For double-sided circuit boards that do not have a solder mask, i.e., the traces are not insulated, when installing resistors it is suggested to mount the resistor slightly above the board if one of the end caps would come into contact with an uninsulated trace. For example:



In the photo above, all three of the visible resistors would have their end cap area contacting a trace if they were pulled flush against the board. Yes, the resistor has a very thin insulating coating in that area, but over time that coating could flake off due to vibration, corrosion, or expansion/contraction due to heating/cooling cycles.

As I said, this is strictly not necessary, but anyone who has ever repaired a beast known as the "Polymoog" would probably back me up on this...

Carry on! cool

[EDIT]: Just for clarification, all those words above boil down to: Keep the body of the resistor above the board if the body is going to be contacting a trace. I get too wordy sometimes.
davebr
Don T wrote:
This is not exactly a requirement, but is strongly suggested for long-term reliability, and can apply to other similar circuit boards.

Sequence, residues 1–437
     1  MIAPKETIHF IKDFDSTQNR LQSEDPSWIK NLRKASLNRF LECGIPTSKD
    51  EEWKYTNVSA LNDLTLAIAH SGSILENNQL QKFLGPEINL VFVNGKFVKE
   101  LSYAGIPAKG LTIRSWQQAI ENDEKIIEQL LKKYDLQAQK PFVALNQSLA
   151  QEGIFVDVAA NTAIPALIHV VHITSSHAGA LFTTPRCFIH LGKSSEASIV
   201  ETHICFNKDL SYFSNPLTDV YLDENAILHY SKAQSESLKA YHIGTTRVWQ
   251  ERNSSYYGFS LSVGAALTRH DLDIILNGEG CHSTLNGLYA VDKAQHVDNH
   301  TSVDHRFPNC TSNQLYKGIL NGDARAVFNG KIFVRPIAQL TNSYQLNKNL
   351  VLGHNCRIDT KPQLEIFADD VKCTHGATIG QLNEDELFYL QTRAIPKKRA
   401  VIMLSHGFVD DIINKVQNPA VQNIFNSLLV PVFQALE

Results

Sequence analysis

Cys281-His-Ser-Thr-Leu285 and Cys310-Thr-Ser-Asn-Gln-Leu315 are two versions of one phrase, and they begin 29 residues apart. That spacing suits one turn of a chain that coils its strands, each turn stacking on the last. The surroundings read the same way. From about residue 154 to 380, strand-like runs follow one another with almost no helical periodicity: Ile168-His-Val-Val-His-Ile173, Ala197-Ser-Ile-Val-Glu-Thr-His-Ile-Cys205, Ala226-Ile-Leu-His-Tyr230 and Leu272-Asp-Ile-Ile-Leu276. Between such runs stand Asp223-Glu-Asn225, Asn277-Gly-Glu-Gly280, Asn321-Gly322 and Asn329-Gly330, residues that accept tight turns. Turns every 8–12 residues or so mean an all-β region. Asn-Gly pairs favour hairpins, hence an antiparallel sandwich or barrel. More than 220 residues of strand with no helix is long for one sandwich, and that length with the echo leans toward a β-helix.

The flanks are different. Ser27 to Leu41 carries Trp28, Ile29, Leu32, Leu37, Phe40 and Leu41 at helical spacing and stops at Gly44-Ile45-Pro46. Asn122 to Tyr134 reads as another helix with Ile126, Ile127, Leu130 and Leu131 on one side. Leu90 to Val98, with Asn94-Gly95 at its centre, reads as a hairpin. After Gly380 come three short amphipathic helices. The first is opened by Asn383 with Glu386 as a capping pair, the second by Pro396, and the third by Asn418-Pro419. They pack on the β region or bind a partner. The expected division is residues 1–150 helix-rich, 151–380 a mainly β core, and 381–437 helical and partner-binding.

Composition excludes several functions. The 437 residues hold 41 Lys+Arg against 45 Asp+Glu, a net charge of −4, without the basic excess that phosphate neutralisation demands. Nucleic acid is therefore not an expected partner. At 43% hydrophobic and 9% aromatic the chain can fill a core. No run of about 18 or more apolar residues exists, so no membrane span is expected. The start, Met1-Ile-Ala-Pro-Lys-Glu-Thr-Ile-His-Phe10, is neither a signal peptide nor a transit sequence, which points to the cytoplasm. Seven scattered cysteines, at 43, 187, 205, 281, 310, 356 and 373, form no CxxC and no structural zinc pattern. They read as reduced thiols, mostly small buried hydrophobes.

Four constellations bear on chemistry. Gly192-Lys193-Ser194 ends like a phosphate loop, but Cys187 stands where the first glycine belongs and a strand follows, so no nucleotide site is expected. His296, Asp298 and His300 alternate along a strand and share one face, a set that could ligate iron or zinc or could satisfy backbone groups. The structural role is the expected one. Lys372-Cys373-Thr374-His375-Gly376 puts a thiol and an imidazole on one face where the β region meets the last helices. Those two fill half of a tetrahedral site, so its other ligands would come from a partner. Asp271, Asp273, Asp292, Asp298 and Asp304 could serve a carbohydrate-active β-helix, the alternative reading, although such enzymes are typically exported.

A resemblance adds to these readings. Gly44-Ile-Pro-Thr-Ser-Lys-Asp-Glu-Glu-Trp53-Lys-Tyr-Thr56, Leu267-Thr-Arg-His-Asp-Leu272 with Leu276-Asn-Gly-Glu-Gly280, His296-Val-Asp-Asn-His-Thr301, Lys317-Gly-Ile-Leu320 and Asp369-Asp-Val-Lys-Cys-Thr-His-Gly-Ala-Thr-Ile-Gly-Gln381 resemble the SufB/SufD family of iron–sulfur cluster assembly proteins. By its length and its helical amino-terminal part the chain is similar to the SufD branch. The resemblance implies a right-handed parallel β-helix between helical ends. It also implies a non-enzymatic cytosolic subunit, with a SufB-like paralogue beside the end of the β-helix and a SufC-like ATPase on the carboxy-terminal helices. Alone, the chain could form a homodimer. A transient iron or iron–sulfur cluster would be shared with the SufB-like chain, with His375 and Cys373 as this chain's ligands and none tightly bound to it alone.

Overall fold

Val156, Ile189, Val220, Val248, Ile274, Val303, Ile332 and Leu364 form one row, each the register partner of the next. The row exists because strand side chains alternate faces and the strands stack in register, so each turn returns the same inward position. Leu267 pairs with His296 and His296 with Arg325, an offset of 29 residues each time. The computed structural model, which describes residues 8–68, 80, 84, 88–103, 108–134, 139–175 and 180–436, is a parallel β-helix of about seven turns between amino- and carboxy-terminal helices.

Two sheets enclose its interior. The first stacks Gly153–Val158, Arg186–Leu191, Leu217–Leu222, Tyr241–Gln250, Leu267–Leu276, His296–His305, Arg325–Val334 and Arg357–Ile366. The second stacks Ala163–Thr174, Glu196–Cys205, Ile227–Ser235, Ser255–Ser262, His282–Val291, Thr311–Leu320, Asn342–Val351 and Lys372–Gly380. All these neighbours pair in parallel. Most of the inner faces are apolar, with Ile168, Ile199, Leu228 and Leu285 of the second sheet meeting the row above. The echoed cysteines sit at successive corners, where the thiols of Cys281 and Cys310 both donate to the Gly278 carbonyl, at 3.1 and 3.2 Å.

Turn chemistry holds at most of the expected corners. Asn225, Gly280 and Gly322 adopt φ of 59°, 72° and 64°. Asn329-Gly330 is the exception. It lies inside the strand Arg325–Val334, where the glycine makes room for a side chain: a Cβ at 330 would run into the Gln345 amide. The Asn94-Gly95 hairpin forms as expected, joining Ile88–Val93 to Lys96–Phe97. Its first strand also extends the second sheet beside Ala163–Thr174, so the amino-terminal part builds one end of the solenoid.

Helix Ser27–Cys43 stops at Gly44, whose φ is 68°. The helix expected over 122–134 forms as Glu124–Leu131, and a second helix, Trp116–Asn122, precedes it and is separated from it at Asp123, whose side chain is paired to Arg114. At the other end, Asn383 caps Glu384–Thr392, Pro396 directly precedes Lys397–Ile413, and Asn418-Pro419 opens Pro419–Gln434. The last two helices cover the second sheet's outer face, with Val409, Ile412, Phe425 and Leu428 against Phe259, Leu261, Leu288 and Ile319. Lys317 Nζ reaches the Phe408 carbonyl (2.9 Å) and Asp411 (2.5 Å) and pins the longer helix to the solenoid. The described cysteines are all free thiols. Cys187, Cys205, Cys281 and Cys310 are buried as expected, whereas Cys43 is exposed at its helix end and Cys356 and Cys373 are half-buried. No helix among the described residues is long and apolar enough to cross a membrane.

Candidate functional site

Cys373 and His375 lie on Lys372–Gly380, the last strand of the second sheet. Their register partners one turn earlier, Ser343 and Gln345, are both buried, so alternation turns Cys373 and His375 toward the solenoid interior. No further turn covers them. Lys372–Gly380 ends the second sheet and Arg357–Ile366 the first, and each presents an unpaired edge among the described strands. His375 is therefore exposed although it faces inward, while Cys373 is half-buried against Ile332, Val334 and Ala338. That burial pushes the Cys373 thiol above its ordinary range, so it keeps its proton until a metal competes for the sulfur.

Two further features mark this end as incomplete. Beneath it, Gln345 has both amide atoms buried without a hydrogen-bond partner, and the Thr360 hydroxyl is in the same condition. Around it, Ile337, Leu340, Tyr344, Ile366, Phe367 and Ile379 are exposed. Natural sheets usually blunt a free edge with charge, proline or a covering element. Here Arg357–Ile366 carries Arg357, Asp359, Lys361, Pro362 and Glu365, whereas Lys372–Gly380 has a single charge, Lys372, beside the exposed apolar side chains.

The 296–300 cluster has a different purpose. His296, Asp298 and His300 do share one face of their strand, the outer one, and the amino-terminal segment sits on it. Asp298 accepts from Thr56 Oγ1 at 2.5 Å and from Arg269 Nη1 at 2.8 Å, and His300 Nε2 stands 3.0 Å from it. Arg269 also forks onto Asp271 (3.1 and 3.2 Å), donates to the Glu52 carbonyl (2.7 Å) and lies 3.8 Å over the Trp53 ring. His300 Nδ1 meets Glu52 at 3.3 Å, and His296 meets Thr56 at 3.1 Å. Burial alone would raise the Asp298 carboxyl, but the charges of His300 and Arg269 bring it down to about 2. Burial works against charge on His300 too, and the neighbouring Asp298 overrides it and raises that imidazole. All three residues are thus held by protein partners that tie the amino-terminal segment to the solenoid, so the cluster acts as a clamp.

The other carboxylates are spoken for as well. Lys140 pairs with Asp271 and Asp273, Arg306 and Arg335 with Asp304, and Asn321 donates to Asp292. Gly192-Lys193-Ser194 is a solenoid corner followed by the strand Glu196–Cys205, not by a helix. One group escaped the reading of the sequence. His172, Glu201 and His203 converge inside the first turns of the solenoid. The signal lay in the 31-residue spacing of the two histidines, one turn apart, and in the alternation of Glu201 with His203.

For double-sided circuit boards that do not have a solder mask, i.e., the traces are not insulated, when installing resistors it is suggested to mount the resistor slightly above the board if one of the end caps would come into contact with an uninsulated trace.

Another option is to use a "christmas tree" to bend the leads of all components. That way the bends are 90 degree and have clearance to neighboring PCB traces. The 208 is one of the few boards that actually uses a 0.400" resistor lead spacing so I can use my vintage "christmas tree". It's 40+ years old so has fewer standard spacings than this one at Sparkfun

Mine looks like just the bottom half of this one Thinkiverse

Good tip, though about shorting to runs. That is why even with solder mask I make sure all my component leads are perpendicular to the PCB. I never solder leads bent over.

Dave
Don T
Troubleshooting timesavers-

Tip 1 -
Should anyone encounter the following symptoms all at once:

1. Sequencer LEDs do not light.
2. LPG LEDs do not light.
3. CO Sine Wave is inaudible.

Your 208 is not getting +5V from your power supply. (Do NOT ask how I know this very frustrating )

A 208r V2 or V2.1 will work 95% correctly with NO +5V power present (Again, do NOT ask how I know this angry )

Tip 2 -
If your CO Sine Wave is audible, and both LPG LEDs work, but the Sequencer LEDs do not light, try replacing IC9 on Card 1, a CD4009